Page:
2.  Tidy Up – keep your workstation clear of clutter.  File any stray notes and papers which might catch your attention and cause you to ‘wander’ from the task in hand.

3.  Organise – develop a robust and straight-forward filing system both on your computer and in your office.  Make it easy to find information – both for you and anyone who may be assisting on certain tasks.

4.  Automate Your Email – use folders to ensure that only the most pertinent information arrives in your inbox.  Automate all subscription emails to pre-named folders.  Create auto responder templates which you can easily switch on to advise those who contact you when you are in ‘focus’ mode that you are away from your desk and will be accessing your email again at a particular time.

5.  Make the Most of Voicemail – all phones have this, but how often do we use it to actively manage when and how we are contacted?  By using your voicemail service over key work periods, you can minimise unwanted interruptions.  A brief personal message advising that you are in a meeting and will be picking up calls again at a certain time still gives the respective caller an impression of having been ‘personally’ attended to.

6.  Manage Your To Do List – as you tick off your To Do list, update your ‘Done’ List.  Be aware of how much you are achieving and understand what this means for your business.  Remaining focused takes effort and is not simply about tick lists – by acknowledging progress, you will remain motivated too.

The simple secret to improving your focus is to organise, and the pointers listed above can help you do this.  Interruptions and distractions are a fact of working life.   By choosing to proactively manage these, you can create a day-to-day environment where you can switch effortlessly into a more focused workspace, as and when you need it.

Good luck!

If you find this post interesting and useful, you might also enjoy my posts on effective planning and outsourcing.

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When I first set out in business some 5 years ago, my decision to do so was fuelled by a desire to use my existing skills to support small businesses to reach their full potential.  All too often I had spoken with very bright and ambitious business owners who felt increasingly bogged down by the constant demands that running a small business entails.  They wanted someone trustworthy and reliable who they could ‘hand off’ to, while they invested some valuable time planning for and evaluating what their business was about to do next.  Since then, the tasks I have been assigned have been many and varied – everything ranging from bringing systems, templates and procedures into small businesses which have experienced rapid, organic growth, right through to assisting with research for those who are looking to dip their toe in the waters of a new market.  Each time, the business in question has found itself at a slightly complex crossroads in terms of where it might go next.  One thing I have learned is that, given the time and opportunity to think, most business owners are more than capable of coming to the right decision themselves.  All they need from me is the space and time to think.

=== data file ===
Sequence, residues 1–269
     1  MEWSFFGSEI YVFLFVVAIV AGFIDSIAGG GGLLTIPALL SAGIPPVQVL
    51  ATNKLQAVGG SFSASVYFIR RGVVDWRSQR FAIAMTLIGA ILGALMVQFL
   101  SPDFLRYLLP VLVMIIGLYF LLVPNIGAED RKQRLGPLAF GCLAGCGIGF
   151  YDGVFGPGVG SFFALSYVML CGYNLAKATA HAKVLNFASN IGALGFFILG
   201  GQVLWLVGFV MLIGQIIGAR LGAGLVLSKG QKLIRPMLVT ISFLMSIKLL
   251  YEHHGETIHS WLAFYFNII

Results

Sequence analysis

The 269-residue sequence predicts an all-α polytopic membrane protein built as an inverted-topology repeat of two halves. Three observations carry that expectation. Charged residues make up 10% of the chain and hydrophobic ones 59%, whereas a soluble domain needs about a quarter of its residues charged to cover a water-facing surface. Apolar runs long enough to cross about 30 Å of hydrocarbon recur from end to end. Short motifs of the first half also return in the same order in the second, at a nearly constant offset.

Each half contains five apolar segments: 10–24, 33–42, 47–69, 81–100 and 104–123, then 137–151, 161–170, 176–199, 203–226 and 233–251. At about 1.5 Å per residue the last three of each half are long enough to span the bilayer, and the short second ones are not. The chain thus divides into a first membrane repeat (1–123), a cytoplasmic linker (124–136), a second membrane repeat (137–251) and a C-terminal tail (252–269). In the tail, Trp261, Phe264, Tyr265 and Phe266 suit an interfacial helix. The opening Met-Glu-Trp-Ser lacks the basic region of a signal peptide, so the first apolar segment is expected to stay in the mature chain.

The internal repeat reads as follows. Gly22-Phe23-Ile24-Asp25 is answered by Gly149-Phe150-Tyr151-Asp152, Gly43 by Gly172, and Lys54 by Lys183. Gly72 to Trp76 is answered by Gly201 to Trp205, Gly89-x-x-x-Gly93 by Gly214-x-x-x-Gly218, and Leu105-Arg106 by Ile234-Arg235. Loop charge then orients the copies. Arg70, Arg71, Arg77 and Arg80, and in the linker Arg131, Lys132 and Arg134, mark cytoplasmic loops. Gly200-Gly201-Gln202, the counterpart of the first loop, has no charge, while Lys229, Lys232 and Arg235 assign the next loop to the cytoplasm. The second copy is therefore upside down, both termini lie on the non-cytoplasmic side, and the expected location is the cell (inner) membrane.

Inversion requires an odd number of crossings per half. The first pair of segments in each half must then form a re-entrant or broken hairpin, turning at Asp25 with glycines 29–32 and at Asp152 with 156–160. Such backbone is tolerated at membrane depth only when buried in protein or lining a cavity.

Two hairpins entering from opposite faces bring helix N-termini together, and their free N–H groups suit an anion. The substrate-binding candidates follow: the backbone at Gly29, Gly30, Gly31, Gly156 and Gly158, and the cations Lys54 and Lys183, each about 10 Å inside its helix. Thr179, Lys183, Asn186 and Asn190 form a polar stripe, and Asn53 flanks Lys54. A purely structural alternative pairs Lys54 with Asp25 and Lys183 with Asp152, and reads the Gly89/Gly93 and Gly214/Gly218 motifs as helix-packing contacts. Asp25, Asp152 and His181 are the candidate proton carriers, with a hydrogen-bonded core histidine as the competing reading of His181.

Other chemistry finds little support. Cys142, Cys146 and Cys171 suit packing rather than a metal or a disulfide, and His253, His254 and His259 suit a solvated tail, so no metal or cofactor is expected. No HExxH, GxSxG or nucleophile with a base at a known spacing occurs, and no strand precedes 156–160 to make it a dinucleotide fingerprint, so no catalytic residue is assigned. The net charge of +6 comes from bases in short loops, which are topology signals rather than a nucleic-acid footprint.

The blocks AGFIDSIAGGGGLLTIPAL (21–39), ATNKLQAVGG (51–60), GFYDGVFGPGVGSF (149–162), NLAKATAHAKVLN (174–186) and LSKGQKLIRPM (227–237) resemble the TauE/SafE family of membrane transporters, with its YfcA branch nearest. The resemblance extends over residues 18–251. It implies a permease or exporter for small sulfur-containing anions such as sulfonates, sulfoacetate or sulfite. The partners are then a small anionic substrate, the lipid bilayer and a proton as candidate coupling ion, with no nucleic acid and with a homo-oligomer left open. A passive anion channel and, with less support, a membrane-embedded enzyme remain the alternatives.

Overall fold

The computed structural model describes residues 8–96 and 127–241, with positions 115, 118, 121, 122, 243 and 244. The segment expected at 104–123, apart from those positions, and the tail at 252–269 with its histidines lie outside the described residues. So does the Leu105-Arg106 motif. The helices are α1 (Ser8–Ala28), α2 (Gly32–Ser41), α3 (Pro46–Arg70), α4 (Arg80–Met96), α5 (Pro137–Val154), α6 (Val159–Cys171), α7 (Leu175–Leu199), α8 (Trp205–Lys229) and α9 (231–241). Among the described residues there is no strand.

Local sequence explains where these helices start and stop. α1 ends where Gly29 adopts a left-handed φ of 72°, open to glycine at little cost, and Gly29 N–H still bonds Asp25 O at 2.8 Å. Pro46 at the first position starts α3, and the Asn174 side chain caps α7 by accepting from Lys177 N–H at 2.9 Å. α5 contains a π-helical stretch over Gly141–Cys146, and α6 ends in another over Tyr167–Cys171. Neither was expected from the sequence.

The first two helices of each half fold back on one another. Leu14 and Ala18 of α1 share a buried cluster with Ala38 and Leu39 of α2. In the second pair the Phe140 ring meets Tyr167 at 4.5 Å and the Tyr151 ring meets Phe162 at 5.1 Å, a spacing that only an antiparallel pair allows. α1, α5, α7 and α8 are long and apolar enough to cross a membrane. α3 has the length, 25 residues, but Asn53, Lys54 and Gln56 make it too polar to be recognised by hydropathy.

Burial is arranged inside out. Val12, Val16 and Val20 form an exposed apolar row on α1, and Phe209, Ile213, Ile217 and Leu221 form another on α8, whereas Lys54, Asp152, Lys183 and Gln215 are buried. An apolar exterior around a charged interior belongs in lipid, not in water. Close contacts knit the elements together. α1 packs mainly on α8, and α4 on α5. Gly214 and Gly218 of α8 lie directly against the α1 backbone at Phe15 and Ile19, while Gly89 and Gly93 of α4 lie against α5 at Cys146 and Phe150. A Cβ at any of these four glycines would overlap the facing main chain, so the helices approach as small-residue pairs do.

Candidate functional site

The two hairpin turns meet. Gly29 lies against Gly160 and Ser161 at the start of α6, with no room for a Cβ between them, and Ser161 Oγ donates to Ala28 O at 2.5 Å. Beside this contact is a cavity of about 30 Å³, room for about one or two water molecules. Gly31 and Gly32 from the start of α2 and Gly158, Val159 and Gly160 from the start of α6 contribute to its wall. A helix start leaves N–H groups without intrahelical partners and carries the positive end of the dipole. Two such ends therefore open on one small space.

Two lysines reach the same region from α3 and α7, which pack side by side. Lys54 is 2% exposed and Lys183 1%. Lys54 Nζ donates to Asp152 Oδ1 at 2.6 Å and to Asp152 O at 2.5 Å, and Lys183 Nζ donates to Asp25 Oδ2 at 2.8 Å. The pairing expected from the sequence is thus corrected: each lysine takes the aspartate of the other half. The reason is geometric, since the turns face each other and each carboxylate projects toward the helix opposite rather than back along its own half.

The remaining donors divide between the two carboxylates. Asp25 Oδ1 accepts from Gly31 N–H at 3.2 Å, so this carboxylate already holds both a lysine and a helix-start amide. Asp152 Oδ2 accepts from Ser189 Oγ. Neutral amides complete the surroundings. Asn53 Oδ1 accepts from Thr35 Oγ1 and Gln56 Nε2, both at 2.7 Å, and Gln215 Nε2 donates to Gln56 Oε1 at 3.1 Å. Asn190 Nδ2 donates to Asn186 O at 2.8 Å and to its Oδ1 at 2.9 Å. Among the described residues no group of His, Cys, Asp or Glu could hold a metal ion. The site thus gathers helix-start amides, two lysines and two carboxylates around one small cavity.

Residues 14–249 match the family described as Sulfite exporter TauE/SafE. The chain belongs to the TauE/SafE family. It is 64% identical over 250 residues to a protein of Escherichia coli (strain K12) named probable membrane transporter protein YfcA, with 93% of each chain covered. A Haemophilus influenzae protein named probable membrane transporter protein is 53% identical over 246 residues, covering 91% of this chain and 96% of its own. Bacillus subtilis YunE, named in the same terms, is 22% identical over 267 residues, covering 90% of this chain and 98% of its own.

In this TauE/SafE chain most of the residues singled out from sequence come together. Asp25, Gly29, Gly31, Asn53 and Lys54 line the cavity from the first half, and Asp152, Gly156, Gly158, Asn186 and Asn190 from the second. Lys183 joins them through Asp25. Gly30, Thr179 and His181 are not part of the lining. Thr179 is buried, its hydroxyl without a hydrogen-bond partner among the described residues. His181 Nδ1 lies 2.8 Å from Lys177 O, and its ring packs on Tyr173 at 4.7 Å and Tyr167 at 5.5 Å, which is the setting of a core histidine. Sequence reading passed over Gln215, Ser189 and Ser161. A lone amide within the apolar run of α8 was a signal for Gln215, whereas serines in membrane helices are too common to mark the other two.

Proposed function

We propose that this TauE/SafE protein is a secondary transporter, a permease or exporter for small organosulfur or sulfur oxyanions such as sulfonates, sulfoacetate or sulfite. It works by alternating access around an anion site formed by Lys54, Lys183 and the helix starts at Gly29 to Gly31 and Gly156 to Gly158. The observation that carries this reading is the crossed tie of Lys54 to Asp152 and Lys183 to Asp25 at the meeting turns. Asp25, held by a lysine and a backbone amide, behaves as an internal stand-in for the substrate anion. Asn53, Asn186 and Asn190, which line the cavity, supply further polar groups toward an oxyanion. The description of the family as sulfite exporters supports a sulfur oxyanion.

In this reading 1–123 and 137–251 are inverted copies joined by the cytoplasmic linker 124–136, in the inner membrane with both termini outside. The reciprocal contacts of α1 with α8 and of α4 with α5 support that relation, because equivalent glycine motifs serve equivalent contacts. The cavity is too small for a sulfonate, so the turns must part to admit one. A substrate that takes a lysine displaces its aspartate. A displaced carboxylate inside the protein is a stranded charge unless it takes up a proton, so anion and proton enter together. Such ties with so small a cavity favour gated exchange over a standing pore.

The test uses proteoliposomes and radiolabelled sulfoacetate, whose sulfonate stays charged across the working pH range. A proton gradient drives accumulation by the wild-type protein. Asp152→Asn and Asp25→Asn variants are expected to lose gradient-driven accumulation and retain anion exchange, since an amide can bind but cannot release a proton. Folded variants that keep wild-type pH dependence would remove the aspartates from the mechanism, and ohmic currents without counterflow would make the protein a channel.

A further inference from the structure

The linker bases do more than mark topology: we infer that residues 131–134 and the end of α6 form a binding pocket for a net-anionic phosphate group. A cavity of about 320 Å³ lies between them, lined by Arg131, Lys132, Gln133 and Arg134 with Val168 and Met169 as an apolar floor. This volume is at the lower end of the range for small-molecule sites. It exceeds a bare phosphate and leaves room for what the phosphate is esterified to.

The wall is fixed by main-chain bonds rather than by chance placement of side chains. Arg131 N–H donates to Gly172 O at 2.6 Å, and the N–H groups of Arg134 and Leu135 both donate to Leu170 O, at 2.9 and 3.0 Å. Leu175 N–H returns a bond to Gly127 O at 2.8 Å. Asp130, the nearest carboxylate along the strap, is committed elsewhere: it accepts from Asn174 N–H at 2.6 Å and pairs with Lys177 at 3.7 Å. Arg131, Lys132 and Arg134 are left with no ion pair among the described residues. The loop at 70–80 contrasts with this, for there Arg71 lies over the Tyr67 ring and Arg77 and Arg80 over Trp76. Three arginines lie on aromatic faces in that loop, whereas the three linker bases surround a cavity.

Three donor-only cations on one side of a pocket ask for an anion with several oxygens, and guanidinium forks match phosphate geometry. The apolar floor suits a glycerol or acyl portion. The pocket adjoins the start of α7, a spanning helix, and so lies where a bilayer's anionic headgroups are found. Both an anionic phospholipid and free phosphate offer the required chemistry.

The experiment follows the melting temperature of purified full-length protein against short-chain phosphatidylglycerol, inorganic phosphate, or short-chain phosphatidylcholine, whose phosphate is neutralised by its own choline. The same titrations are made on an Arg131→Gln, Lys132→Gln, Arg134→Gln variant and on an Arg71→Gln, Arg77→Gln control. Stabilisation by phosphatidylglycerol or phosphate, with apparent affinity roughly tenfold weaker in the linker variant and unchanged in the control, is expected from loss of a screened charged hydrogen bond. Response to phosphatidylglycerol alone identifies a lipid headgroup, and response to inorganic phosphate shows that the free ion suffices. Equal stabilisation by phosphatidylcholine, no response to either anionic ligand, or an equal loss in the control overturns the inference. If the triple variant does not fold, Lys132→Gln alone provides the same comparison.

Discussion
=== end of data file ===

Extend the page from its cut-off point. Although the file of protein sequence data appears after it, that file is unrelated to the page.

Most recently, I have been working with two separate clients who have each tapped into my abilities to free up valuable thinking time – in very different ways.   For one, I have assumed responsibility for researching in greater depth some new ways of communicating with their existing client base.  For the other, I have been overseeing the background preparations for a relatively complex project which threatened to consume most of their working hours for the last three weeks.    As with many of the tasks which I undertake, these assignments were well within the capabilities of my clients’ own skill-sets.  What both understood, however, was that each respective task was time-consuming and labour-intensive, contributing little in terms of feeding their bottom line.

While I have operated in the background to minimise distractions and reduce noise from other areas of their business, each client has focused on the next project their business is  about to begin.  Rather than being harried, distracted and unprepared, they have invested the time and energy I have saved them into focusing on where they need to be this time next month, and how they are going to make sure they get there.

When you look at your diary for the coming weeks, how are you freeing up time to focus on what you do best?

If you would like to know more about the other ways I support my clients, please read my posts on Moving On Up and Networking.

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For many of my clients, January is a month which is synonymous with meetings.  Having already completed their own planning sessions in November / December, the start of a new year sees them depart the confines of their office to hit the open road and engage in some serious face-to-face lead generation, meetings and networking.